The Abolition of Britain

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The Abolition Of Britain
The Abolition Of Britain Cover UK ed.jpg
Cover of The Abolition of Britain, revised UK edition
Author Peter Hitchens
Country United Kingdom
Language English
Subject Politics of the United Kingdom
Genre United Kingdom politics
Publisher Quartet Books
Publication date
1 August 1999
Pages 362
ISBN 0-7043-8117-6

The Abolition of Britain is the first book by conservative journalist Peter Hitchens. Originally published in 1999, it charts and examines a period of perceived moral and cultural reform between the 1960s and the New Labour general election win in 1997. Hitchens asserts that the reforms facilitated vast and radical constitutional change under Tony Blair's new government that amounted to a "slow motion coup d'état".[1] The book was cited by Gillian Bowditch in The Times as being a major modern work to dissect "the decline in British morals and manners over the past 50 years",[2] and identified by Andrew Marr in The Observer as "the most sustained, internally logical and powerful attack on Tony Blair and all his works".[3]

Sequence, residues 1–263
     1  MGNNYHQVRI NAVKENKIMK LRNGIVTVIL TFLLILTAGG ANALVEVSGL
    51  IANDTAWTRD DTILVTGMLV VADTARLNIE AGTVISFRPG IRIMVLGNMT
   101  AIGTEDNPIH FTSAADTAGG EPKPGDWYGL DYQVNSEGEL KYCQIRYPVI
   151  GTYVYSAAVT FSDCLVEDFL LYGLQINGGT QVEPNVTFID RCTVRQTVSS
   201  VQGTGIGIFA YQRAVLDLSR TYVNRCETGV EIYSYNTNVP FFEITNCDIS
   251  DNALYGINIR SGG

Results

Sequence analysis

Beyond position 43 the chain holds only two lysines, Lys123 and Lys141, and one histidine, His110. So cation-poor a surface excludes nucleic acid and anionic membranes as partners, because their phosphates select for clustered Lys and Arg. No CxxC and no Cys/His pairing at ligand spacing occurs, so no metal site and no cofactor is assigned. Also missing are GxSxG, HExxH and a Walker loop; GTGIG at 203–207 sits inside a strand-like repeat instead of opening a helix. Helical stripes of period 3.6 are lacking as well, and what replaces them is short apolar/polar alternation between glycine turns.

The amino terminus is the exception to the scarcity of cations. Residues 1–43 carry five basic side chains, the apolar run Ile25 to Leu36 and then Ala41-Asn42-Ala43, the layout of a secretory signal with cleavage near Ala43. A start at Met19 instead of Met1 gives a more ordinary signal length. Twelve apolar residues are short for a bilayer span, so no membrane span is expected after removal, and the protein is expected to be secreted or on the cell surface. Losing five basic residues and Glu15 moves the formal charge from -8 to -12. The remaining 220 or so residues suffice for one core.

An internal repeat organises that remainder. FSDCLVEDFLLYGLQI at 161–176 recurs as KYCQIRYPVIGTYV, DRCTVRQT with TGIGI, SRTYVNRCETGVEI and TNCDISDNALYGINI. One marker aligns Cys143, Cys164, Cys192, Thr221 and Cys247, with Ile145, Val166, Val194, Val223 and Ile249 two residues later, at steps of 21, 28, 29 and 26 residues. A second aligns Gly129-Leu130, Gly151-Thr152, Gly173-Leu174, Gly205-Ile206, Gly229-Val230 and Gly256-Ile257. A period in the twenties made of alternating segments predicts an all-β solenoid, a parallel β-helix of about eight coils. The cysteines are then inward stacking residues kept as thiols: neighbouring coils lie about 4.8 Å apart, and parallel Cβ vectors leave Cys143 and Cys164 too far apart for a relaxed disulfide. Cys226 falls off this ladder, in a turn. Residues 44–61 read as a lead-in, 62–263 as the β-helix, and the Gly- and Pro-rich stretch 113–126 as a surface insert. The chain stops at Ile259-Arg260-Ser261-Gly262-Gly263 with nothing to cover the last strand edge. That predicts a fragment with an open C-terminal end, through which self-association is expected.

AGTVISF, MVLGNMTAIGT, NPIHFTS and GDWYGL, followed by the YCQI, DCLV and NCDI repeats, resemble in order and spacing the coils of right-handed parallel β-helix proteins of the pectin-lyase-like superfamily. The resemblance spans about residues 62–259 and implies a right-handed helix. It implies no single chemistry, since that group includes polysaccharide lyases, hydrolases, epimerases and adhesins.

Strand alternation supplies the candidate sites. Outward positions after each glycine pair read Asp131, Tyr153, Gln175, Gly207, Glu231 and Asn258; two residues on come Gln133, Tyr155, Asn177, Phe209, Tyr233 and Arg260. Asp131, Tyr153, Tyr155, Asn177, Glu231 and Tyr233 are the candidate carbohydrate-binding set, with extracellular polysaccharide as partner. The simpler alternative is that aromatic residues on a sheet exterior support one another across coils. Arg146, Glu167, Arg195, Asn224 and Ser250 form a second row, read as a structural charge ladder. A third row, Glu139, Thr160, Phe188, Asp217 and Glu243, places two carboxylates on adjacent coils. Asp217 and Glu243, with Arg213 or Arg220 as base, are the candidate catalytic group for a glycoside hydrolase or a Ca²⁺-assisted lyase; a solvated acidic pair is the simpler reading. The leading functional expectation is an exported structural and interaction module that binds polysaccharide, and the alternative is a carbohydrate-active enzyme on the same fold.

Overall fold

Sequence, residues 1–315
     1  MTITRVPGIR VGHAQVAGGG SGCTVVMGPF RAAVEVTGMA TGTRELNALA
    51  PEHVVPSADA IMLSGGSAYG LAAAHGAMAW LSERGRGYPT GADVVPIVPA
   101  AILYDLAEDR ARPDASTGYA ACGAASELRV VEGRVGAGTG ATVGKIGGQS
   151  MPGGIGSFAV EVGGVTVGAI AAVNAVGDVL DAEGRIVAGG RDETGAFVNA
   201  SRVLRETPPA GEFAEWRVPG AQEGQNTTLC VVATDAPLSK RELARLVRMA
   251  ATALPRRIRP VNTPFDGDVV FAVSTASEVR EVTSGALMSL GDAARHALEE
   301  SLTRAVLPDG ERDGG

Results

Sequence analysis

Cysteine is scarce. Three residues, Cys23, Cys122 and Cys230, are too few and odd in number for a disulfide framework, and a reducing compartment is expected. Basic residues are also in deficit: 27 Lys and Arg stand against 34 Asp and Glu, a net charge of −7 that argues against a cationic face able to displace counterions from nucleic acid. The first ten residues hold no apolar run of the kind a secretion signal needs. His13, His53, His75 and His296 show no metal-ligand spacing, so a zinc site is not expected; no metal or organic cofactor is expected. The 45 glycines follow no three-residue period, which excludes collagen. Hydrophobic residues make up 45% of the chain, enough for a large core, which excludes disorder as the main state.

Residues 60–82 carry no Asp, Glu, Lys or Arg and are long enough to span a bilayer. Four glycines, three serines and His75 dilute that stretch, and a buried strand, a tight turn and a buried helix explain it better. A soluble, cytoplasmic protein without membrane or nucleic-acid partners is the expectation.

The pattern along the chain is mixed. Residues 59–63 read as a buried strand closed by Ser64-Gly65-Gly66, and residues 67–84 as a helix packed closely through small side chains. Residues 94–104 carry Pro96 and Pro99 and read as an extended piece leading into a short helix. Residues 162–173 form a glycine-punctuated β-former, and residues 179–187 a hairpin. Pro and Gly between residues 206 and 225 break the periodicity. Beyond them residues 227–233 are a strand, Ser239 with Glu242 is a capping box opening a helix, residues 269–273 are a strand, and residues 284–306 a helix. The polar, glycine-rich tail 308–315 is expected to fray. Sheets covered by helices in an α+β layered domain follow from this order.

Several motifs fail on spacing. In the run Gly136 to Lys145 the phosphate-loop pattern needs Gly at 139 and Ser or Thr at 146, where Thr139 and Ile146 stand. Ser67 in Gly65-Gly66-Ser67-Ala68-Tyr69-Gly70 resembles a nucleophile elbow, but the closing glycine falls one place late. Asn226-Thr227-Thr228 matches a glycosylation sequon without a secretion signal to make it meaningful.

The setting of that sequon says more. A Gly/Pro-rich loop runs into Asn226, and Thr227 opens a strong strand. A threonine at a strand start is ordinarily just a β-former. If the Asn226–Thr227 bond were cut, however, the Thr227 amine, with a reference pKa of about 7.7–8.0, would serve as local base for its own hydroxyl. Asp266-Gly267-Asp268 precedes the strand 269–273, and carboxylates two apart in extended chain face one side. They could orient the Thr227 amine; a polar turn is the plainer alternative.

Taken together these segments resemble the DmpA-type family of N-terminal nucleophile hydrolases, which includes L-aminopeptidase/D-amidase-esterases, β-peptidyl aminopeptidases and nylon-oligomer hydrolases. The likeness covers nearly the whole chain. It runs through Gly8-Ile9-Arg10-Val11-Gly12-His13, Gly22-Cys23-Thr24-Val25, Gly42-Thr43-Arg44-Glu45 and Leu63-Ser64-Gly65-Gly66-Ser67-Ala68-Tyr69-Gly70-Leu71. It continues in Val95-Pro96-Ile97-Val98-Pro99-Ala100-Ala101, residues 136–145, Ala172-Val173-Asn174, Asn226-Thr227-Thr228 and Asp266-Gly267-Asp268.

Hitchens's later book The Broken Compass explored the same themes, applied to socio-political events and culture in the 2000s (decade).

Synopsis[edit]

The Abolition of Britain is a conservative polemic against the changes in the United Kingdom since the mid-1960s. It contrasts the funerals of Winston Churchill (1965) and Diana, Princess of Wales (1997), using these two related but dissimilar events, three decades apart, to illustrate the enormous cultural changes that took place in the intervening period. His argument is that Britain underwent a "cultural revolution", comparable to that of China in the 1960s. He describes and criticises the growing strength of such forces as multiculturalism, which still had a liberal consensus behind it at the time the book was written. He argues that English schools had largely ceased to teach the history of the country, criticising the preference for methodology, or the literature of Britain's past.